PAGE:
Dialysis and depression: evaluating treatment options for
depression in patients undergoing hemodialysis

Dialysis and quality of life

Today, more than 400,000 patients in the United States treat their kidney failure, or end-stage renal disease (ESRD), with hemodialysis. These patients face many challenges, resulting in a significantly lower quality of life. Most attend four-hour dialysis sessions three times a week, follow a strict, low-salt diet, take an average of 17 pills every day, have other medical conditions, and frequently transition between receiving care in the dialysis facility and the hospital.

Depression: an additional hurdle

With such a high burden of both disease and its treatment, many dialysis patients also develop moderate to severe symptoms of depression. Dialysis patients with depression are more likely to have complications, like heart problems, and be hospitalized, and they are more likely to stop dialysis.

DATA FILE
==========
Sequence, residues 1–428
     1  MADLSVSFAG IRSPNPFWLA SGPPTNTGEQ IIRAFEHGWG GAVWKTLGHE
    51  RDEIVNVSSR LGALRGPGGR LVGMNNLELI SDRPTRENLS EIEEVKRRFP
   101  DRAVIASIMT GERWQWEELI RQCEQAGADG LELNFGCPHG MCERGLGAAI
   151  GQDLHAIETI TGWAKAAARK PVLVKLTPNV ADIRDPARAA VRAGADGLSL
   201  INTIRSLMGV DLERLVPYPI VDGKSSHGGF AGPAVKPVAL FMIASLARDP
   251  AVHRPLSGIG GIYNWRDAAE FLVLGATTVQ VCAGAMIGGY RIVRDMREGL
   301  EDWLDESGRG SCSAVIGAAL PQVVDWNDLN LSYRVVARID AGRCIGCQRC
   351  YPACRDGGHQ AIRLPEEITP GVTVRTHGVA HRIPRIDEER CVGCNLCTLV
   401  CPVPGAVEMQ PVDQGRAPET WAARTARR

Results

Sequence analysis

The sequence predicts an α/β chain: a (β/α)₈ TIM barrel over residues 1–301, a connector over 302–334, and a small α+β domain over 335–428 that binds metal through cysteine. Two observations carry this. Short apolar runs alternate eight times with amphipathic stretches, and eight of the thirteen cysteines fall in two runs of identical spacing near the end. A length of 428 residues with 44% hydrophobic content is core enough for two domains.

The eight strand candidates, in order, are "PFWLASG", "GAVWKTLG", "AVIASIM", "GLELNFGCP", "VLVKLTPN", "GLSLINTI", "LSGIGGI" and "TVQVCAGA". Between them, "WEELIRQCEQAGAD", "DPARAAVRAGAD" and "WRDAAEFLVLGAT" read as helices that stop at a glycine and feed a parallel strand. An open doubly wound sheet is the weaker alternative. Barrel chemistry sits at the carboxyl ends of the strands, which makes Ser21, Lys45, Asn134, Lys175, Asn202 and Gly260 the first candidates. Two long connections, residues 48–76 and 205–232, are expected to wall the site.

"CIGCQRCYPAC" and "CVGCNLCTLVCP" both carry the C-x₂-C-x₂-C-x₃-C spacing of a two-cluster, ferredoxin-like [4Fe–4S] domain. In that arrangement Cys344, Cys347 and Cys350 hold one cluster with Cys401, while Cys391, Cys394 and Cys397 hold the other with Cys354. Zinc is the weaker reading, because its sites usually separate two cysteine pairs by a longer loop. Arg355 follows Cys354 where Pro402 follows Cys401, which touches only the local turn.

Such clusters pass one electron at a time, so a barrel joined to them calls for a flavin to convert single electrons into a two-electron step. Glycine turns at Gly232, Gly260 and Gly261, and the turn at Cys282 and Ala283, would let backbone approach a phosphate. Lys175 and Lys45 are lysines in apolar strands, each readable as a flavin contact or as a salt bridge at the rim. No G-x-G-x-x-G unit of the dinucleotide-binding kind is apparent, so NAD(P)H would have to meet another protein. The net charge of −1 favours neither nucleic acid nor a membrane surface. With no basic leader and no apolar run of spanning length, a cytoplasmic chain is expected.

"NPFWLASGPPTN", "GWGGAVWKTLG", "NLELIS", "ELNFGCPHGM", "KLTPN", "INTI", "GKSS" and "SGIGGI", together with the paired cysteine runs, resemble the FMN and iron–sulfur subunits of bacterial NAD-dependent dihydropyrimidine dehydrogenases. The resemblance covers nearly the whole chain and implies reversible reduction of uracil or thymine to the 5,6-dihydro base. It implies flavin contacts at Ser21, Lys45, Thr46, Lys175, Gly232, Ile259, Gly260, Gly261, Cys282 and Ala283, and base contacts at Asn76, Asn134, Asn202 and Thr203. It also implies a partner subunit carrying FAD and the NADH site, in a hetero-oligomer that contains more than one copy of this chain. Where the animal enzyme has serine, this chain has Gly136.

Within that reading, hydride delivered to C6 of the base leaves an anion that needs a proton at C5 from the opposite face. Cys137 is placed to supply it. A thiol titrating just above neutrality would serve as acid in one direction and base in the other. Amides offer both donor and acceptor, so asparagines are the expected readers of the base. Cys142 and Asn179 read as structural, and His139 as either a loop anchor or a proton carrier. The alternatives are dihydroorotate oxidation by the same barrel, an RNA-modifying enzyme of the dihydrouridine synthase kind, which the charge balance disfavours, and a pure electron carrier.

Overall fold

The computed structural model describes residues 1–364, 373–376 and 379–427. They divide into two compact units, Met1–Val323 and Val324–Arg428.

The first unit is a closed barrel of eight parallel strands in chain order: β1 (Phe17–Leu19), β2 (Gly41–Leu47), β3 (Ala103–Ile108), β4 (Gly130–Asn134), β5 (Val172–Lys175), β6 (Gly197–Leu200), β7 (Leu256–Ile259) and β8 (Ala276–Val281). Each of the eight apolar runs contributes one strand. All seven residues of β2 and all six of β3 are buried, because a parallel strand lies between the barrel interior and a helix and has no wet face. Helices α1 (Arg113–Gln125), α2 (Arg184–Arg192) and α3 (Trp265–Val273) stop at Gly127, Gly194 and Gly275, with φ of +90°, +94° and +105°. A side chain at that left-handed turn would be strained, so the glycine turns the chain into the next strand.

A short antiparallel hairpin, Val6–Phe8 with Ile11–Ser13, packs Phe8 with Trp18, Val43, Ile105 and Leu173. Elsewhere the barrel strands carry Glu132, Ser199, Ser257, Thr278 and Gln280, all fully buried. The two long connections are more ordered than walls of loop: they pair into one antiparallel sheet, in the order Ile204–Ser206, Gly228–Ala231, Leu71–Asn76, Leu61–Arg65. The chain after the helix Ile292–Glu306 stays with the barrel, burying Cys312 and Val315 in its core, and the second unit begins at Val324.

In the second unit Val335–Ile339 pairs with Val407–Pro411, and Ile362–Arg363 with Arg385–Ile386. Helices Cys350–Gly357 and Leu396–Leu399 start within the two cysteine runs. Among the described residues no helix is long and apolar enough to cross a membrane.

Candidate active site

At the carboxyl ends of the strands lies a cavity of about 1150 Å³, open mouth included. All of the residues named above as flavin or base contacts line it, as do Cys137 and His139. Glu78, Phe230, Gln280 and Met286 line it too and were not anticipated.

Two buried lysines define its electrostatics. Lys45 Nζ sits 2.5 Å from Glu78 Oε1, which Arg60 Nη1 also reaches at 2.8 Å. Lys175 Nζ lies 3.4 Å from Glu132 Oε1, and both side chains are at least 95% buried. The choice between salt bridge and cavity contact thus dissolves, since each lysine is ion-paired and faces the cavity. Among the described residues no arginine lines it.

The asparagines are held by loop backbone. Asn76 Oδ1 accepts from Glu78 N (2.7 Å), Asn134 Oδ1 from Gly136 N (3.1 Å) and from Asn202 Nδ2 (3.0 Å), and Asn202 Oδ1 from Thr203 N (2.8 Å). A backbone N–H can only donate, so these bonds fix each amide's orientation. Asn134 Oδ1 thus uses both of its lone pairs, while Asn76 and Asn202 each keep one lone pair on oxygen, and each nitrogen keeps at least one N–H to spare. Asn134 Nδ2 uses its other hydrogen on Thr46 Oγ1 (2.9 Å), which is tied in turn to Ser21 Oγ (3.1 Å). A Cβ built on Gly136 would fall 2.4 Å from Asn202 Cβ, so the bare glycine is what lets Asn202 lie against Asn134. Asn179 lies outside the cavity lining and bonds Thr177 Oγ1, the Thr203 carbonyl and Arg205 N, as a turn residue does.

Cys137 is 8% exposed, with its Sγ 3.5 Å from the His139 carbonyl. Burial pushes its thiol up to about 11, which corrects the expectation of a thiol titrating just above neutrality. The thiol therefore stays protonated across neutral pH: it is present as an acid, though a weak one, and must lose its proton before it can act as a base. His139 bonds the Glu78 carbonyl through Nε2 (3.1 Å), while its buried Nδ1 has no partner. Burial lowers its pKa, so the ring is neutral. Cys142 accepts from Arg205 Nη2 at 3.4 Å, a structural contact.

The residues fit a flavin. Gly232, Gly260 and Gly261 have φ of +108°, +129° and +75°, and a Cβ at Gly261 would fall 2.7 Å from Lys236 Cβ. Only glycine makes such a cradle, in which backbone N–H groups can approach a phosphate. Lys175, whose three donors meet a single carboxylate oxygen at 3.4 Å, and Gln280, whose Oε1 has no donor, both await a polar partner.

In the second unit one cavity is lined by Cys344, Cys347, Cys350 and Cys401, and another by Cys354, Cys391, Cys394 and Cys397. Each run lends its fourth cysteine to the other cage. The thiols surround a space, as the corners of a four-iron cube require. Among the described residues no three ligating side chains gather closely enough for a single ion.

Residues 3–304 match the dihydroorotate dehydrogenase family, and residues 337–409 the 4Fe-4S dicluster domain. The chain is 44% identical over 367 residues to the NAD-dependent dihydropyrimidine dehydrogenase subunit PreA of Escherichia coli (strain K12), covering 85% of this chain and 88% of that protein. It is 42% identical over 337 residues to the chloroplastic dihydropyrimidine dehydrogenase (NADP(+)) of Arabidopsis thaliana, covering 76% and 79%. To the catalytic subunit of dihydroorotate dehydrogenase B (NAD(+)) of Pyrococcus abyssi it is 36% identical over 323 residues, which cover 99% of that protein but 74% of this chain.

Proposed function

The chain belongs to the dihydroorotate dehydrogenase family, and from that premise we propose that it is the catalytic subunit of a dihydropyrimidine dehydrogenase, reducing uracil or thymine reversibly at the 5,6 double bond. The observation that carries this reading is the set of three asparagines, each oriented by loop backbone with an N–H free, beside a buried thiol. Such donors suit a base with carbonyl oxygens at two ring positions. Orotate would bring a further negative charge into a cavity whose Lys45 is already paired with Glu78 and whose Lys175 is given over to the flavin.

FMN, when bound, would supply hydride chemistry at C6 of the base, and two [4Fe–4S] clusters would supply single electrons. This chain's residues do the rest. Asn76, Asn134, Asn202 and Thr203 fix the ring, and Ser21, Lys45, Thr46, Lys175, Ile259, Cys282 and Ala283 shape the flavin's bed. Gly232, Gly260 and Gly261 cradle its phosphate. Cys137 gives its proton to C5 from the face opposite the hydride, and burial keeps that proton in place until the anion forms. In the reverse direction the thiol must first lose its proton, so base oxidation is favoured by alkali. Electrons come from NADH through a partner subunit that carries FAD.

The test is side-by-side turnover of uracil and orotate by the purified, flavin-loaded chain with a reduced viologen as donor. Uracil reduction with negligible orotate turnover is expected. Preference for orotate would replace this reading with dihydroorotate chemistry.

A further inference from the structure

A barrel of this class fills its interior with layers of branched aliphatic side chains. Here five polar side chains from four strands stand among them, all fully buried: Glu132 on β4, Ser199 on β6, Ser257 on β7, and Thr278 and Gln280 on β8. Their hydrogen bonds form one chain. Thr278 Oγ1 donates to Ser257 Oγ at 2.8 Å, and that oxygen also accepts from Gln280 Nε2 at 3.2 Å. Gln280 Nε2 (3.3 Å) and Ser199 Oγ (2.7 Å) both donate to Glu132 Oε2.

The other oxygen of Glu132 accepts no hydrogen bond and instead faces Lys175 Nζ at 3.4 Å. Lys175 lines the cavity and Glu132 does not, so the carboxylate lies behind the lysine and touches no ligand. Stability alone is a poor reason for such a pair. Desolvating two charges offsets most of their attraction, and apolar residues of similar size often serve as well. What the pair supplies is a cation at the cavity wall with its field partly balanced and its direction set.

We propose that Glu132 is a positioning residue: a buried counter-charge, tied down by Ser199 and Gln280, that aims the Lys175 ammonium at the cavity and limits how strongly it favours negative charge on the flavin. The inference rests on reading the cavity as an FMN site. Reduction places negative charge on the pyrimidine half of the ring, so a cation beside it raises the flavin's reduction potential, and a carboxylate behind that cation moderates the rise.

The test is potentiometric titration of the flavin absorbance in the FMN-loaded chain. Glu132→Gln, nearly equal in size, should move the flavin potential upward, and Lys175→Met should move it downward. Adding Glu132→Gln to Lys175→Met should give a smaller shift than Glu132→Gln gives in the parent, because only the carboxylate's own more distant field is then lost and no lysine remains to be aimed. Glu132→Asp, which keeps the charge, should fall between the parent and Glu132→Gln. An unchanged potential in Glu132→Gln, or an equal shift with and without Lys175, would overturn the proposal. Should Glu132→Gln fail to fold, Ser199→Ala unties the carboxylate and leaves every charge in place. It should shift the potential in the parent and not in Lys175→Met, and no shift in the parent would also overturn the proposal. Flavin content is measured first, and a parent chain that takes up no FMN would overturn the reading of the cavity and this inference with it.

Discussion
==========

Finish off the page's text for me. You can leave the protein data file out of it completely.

Although depression is very common in dialysis patients, it is often undiagnosed and thus goes untreated. It is important to recognize depressive symptoms and identify effective treatments of depression that will improve health outcomes in dialysis patients.

In this trial: evaluating treatments for depression

The ASCEND trial is the first randomized, controlled clinical trial among adult hemodialysis patients that will evaluate two ways to treat depression with the aim that it's results would help clinicians make more informed treatment decisions in the future, as well as inform regulators, policy makers, and dialysis organizations on how to restructure the delivery of healthcare to provide meaningful improvement in health of dialysis patients.

It will compare the effectiveness of two different treatment methods — Cognitive Behavioral Therapy and drug therapy — in patients at clinical sites in Seattle, Dallas and Albuquerque.